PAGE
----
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Old 07-09-2007, 03:09 AM   #1
the teacher
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Default question about cold break

I've had a few batches that have a ton of cold break. I have a counterflow chiller and the wort goes in clear and comes out very cloudy. Sometimes it's so thick it looks like you could strain out the pieces (hypothetically of course). I'm not sure if cold break is a problem, and if so how to stop it from happening. the beer seems to turn out ok so must not be too terrible. Any ideas? Also, any ideas on keeping a counterflow clean after use? I generally siphon some oxyclean into it and plug it for a while. Same with sterilizing.

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Old 07-09-2007, 01:33 PM   #2
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cold break shouldn't be a problem at all - some even contend that it is beneficial. i don't use a CFC, so no first hand experience, but what you do sounds reasonable.

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Old 07-09-2007, 01:40 PM   #3
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That particulate stuff that forms after the temperature of the wort is reduced beyond a certain temperature I assume you are referring to, although you use a different cooling apparatus to me. That is quite normal, theoretically ofcourse, it may be possible to filter if catering for a commercial audience. For the home brewer though, it is pure goodness that you KNOW settles with the rest of the sediment during the primary/secondary fermentations. Therefore, it must be concluded that this is nothing more than a phantom issue.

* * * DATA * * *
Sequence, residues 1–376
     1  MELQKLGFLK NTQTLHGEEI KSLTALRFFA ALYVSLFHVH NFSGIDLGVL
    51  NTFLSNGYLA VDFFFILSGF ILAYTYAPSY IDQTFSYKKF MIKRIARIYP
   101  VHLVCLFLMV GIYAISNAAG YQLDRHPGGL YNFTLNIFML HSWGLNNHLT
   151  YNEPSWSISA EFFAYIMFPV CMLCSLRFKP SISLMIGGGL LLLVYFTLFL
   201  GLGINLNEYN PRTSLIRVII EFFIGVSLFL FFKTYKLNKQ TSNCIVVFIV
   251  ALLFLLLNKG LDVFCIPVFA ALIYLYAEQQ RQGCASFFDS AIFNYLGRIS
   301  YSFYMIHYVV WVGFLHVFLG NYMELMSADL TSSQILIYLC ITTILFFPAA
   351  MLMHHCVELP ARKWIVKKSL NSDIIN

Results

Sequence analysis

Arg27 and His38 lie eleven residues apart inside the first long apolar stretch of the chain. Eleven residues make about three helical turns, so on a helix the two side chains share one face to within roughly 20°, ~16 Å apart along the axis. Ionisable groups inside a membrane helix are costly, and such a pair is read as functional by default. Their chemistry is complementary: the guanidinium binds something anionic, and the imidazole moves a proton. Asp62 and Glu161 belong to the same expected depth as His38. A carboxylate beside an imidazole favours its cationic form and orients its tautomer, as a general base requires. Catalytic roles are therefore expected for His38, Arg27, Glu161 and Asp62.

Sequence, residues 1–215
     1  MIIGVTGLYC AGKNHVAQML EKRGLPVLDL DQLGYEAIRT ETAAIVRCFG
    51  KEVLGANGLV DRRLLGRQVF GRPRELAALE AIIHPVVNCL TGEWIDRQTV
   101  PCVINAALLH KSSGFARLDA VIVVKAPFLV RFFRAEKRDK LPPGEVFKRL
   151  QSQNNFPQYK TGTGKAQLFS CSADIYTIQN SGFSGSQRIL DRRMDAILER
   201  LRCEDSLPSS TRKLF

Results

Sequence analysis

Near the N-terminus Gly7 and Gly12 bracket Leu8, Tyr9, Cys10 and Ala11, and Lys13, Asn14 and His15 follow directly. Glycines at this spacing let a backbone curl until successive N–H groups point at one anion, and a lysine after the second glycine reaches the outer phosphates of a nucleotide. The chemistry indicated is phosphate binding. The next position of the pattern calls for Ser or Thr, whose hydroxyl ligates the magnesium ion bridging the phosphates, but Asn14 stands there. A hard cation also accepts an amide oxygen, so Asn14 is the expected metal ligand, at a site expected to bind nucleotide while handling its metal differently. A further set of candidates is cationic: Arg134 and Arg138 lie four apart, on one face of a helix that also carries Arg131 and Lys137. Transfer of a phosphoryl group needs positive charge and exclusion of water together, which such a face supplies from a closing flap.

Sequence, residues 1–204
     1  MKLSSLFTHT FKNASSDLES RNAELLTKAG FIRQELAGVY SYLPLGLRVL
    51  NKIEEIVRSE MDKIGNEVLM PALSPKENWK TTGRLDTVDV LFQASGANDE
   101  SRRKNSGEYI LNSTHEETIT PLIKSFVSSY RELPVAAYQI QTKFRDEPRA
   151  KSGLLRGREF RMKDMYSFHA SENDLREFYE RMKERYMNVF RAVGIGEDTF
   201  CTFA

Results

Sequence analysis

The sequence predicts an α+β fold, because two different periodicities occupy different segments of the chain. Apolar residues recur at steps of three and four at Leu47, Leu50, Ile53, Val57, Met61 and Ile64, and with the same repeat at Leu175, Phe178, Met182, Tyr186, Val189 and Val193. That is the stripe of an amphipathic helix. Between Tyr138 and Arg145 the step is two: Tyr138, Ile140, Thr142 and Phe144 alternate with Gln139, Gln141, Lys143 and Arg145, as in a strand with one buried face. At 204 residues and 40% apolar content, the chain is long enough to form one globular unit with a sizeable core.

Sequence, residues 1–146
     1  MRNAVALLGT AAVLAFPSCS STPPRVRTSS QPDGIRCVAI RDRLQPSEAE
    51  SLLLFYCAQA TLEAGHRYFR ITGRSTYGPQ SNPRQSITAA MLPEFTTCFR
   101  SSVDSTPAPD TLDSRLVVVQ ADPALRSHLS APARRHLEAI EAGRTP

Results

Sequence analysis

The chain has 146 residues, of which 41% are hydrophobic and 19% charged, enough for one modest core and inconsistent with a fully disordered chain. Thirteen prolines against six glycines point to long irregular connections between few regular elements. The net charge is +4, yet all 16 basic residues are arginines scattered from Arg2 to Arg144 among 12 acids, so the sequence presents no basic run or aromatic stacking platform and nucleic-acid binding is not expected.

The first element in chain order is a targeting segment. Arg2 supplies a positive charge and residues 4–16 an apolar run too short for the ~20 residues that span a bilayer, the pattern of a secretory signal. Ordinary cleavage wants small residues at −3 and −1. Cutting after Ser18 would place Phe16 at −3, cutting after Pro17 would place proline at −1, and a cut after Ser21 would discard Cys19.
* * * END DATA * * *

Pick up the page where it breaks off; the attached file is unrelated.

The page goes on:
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Old 07-09-2007, 01:44 PM   #4
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I don't do this because of cold break but it is a side benefit. Since I brew in the garage (Doors open of course, big and little) I have to transfer the wort down to the basement, it's a recipe for disaster carrying a full carboy down the stairs so I run the chilled wort into an extra bottling bucket. By the time I'm ready to transfer it to the carboy most of the cold break has settled out in the bottling bucket, I still get some but I don't worry about it,

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Old 07-09-2007, 01:58 PM   #5
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checkout whirlpooling in th wiki. it's what most professional breweries do.

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Old 07-09-2007, 02:37 PM   #6
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Don't sweat the cold break. I get more cold break now after switching to a CFC and the only change in the beer I make now is that they don't have the same problem with chill haze that they had before. I don't try to filter out the cold break at all. It all settles out in the primary.

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Old 07-09-2007, 02:43 PM   #7
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That's basically what I figured, but I thought I'd check to see if anyone here had some other information about it. It doesn't seem to cause any problems, so I'll leave it alone.

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Old 07-09-2007, 02:52 PM   #8
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What you are doing with sanitizing your cfc seems to be the way to go!!
See: http://homebrewtalk.com/showthread.p...nitize+chiller

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Old 07-09-2007, 04:28 PM   #9
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Quote:
Originally Posted by Sea
checkout whirlpooling in th wiki. it's what most professional breweries do.

This won't work with CFC's, unless as someone noted above you re-transfer your wort after chilling. As the CFC chills the wort passing through it the cold break precipitates and is apparent when the wort comes out of the CFC. For those of us that use immersion chillers we chill all the wort at one time, the cold break precipitates and then we can transfer the clear wort into our fermentors. Some claim this is an advantage of immersion chillers but as noted above it has little affect on the final product for most brewers.
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